The Mafia is alive and well in Kentucky. I know, because I was accosted by 20 members of this group. After demanding all my celery and a few kisses, they let me go. I was lucky.
To clarify, these were members of the Pig Rescue Mafia, or PRM. And they were, indeed, pigs. More specifically, rescued pigs taken in by the organization based in Georgetown.
“In 1993, I held my first pot-belly pig and fell in love,” says Hildi Korse. “My 19-year-old pig passed away last October. Foster Charlotte came to live with us in 2014 and PRM was formed in 2015.
“I didn’t know anything about caring for pigs at the time,” she says. “but I learned from a group of people I found on the internet, long before Facebook existed.”
As Hildi began networking with other people who also loved pigs, she reached out for pig fosters. She came across a woman named Jodi, who now fosters 22 pigs on her farm in Pendleton County, near Butler.
At nearly 200 acres, except for the hay fields, it’s obvious this place belongs to the pigs. They are in the yards, the fields, the barn, the house, and one or two in the bed. Jodi and husband Roger have devoted themselves to caring for unwanted pigs who otherwise may have led miserable lives, or no life at all.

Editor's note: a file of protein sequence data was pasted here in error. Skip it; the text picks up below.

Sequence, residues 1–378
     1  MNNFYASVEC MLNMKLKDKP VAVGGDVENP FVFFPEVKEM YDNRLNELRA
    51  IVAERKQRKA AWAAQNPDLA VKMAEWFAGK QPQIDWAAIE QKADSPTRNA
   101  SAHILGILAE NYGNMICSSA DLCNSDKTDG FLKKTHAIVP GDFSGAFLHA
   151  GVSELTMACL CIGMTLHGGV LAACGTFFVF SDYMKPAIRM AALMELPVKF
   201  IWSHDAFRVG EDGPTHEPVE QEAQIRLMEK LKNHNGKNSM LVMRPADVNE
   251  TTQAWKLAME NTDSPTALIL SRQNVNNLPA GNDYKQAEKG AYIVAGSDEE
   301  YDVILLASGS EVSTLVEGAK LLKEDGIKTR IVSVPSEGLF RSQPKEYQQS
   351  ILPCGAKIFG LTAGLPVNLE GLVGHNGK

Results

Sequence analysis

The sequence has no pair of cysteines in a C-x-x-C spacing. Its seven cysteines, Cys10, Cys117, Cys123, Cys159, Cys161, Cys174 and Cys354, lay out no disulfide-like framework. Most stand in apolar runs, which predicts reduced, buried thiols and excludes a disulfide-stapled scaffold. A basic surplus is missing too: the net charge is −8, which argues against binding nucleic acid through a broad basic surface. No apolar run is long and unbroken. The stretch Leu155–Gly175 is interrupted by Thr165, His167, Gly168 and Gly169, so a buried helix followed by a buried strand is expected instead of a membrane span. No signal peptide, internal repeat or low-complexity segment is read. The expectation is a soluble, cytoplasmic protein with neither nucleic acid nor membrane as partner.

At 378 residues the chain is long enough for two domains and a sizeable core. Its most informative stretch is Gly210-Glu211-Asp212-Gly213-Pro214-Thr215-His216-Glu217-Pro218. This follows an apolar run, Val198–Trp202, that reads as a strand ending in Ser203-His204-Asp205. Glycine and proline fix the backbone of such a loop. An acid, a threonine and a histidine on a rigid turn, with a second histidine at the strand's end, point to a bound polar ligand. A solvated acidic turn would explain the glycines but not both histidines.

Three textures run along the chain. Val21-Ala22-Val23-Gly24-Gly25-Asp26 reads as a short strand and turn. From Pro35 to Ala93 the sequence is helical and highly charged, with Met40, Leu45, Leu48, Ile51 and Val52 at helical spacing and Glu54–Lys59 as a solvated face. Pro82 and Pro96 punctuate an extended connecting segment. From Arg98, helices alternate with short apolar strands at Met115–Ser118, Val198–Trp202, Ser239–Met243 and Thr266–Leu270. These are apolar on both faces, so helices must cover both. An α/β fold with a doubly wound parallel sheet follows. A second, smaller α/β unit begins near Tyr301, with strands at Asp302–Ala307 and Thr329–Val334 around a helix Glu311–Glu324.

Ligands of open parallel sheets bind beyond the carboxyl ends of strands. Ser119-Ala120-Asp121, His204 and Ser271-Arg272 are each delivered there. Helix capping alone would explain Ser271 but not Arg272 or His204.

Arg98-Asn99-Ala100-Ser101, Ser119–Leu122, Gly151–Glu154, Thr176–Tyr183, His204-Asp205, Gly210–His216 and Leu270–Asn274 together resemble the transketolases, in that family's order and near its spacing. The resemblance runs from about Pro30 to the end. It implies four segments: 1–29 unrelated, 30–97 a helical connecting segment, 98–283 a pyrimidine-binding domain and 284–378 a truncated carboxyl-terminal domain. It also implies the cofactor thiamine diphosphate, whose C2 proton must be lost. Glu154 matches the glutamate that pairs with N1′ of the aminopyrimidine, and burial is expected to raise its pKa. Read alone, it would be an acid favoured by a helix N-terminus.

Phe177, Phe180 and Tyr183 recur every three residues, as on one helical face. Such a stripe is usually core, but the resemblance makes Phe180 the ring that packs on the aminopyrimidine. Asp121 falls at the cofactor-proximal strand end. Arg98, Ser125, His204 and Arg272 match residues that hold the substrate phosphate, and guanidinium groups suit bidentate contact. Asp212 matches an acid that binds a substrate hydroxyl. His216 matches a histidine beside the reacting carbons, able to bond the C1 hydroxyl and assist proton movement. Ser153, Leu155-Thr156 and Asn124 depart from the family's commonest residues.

“I started fostering with a smelly, squealing pot-belly named Josie, who’d seen her mother slaughtered,” Jodi says. “She still fears people, she only lets me and Roger touch her.”
Jodi already had a pig, Millie, who basically raised Josie. Josie was living in deplorable conditions, and arrived at Jodi’s covered in blood and mud. Millie took it upon herself to teach Josie how to be a pig, how to interact with people, and what the rules were at this rescue.
Jodi notes that PRM takes in pigs that people are rehoming, but she only takes them herself when it’s an emergency. So where do these pigs come from? More and more, they are showing up in shelters across the state. Turns out, many people who can’t resist a small, cute animal aren’t prepared to learn how to care for them as they grow up; in addition, they buy pigs from irresponsible breeders.
“Pigs are dying left and right,” Jodi, 48, adamantly says. “We’re heading toward pig mills like we have puppy mills. The sows are overbred, inbred, tossed out when they can no longer breed, the babies are taken away at birth. The result is sick pigs that never learn to socialize, never learn how to be a pig.”
As Jodi moves around the kitchen, Harley, a large pot-belly, is her constant companion: he knows lunch is coming. The pigs eat pellets in the morning and at night, but for lunch the kitchen is filled with containers of celery, Romaine lettuce, fruit, Cheerios, and peanut butter.
As she prepares lunch, she talks about her relationship with Tranq, who she deeply loves.
“Tranq has been my therapy pig since Atticus died,” she says. She cries as she recalls the pig that recently passed away.
“His adopters didn’t care for him well,” she says. “He was thin, and he came here with fractures in his leg. The leg finally broke, the result of a combination of bad genetics and the wrong food.”
Many dollars later, spent at Ohio State University with the help of donations, the leg was starting to show improvement—until his stressed opposite leg showed another fracture. Atticus would never completely heal, and Jodi had to make the decision no animal lover wants to make.